Let $\phi$ be a Boolean formula and $\mathrm{Tseitin}(\phi)$ the corresponding Tseitin transformed equisatifiable formula.

It is well-known that one can get a variable assignment for $\phi$ by solving $\mathrm{Tseitin}(\phi)$ and dropping the auxiliary variables. For example, see Wiki, quote: "When a satisfying assignment of variables is found, those assignments for the introduced variables can simply be discarded."

After a long search through SAT papers I just could not find any paper which proves this statement. Because I do not want to re-invent the wheel: Does anyone know such a reference I can use to cite?


2 Answers 2


Given a circuit $C$ on variables $V$ which has gates $G$, the Tseitin transformation produces a formula $T(C)$ on the set of variables $V \cup G$, with the property that the formula holds iff

  1. The value of every gate variable $g \in G$ is exactly the value of this gate given the assignment to the inputs, and
  2. The circuit outputs TRUE.

You can prove property (1) by induction. Property (2) holds since you add a specific clause stating that the top gate in the circuit is TRUE. Given this, there is an assignment causing the circuit $C$ to output true iff $T(C)$ is satisfiable, and moreover you can read this assignment from a satisfying assignment to $T(C)$ — just ignore the gate variables.

The crucial point is that in any satisfying assignment of $T(C)$, the value of the gate variables is completely determined by the value of the input variables.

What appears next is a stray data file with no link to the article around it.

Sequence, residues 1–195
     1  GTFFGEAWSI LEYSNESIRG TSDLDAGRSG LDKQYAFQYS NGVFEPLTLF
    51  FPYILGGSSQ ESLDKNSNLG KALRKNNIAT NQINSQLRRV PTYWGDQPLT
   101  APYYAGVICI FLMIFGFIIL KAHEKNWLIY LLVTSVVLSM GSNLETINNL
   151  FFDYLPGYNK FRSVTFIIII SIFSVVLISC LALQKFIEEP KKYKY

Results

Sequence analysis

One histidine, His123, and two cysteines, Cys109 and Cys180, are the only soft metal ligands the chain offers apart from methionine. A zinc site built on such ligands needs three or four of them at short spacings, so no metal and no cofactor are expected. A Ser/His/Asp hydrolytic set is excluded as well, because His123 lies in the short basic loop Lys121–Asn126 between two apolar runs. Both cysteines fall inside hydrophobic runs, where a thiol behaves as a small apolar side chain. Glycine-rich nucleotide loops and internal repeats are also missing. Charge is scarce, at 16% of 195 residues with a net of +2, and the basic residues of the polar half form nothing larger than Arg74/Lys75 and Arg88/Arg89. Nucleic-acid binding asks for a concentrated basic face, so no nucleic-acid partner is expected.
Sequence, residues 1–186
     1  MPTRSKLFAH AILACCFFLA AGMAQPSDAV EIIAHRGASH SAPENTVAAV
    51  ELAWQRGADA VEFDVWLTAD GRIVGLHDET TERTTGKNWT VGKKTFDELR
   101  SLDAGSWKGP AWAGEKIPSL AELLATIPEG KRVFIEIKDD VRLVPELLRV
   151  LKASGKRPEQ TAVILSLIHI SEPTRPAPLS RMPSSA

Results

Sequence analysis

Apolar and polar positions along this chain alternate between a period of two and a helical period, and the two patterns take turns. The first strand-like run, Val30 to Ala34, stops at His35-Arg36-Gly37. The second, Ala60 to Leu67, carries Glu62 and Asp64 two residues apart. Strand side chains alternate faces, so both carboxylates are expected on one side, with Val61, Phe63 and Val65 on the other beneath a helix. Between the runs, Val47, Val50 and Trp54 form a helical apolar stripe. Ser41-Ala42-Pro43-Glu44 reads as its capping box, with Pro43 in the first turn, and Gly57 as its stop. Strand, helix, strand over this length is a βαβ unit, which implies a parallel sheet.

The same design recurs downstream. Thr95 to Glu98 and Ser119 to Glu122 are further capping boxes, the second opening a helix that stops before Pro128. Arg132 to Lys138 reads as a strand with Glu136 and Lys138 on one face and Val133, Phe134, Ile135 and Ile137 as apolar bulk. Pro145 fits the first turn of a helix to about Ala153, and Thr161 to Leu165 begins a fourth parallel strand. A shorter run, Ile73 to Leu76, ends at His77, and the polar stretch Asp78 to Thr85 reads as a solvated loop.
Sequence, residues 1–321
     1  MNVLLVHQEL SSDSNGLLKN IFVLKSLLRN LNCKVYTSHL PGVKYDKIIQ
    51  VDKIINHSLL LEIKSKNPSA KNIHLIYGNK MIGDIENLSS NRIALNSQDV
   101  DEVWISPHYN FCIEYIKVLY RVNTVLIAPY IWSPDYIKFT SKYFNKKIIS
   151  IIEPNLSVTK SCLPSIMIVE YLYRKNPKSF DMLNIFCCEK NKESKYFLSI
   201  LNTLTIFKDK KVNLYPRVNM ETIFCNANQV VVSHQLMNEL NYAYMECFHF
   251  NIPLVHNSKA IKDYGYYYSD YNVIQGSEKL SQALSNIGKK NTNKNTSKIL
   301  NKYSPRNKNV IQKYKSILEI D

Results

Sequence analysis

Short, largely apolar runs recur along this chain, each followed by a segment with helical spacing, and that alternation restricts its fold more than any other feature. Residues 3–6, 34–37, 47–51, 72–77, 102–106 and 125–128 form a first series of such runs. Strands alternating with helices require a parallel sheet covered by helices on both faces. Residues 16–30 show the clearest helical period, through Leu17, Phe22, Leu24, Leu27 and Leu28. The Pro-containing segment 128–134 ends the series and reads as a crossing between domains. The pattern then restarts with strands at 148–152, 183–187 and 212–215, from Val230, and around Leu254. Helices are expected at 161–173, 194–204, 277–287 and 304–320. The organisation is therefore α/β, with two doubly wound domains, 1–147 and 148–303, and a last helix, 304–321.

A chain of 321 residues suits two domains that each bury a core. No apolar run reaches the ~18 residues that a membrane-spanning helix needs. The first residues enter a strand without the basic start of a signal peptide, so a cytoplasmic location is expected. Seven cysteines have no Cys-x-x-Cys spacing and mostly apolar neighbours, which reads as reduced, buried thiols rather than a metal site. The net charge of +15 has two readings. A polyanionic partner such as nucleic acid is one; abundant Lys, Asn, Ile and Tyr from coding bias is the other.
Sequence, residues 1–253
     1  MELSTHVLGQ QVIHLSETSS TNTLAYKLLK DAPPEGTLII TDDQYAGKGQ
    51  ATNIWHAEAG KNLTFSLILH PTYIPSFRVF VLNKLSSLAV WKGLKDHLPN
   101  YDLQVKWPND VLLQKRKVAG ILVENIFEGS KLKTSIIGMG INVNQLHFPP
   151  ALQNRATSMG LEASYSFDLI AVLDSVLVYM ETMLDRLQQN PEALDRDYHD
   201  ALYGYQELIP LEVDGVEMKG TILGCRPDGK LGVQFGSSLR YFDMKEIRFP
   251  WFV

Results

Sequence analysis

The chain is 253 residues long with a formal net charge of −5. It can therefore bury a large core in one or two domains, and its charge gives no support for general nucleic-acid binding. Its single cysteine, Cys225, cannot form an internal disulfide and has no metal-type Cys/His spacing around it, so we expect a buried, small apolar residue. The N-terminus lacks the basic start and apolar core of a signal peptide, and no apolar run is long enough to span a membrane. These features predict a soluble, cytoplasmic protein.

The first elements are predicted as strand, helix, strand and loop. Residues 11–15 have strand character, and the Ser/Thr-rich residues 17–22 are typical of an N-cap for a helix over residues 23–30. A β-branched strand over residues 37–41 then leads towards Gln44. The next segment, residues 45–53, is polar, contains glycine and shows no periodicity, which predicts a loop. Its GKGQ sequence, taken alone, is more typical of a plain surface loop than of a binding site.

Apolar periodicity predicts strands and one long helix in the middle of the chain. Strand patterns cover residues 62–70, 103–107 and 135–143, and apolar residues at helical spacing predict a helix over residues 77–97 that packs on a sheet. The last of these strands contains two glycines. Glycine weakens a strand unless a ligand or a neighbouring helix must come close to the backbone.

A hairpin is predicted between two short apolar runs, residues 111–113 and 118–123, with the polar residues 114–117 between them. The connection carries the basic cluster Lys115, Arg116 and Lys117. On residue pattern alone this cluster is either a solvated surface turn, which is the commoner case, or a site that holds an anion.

• $\begingroup$ Thank you for your illustrating explanation. I appreciate that. But what I really would like to know is if there is a reference I can use to cite. I would like to use this well-known property in my research without re-inventing the wheel and page limits are restrictive. :-/ $\endgroup$ Commented Feb 12, 2015 at 20:10
  • $\begingroup$ I would say this property is trivial, so there is no need to cite anything. The property is probably proved (in some different language) in any original paper describing this transformation. I suspect this transformation was described several times, the first time perhaps indeed by Tseitin. So if you really want a citation, you might have to look at some old Russian papers. $\endgroup$ Commented Feb 12, 2015 at 20:15

There is no need to cite anything. This is known in the Tseitin transform and it is well-known in the SAT / formal methods community. Therefore, if you are writing for that community, there's no need to formally cite anything.

It is so well-known that it is covered on Wikipedia: https://en.wikipedia.org/wiki/Tseitin_transformation. In the theoretical computer science community, this is the classic reduction from CircuitSAT to SAT. That reduction is proven or sketched in many undergraduate textbooks on theoretical computer science / algorithms / textbooks. I think it was also proven in Cook's seminal paper.

If you feel you absolutely want to cite something, you could look at the Tseitin paper cited on the Wikipedia page; that might have the earliest standard description.


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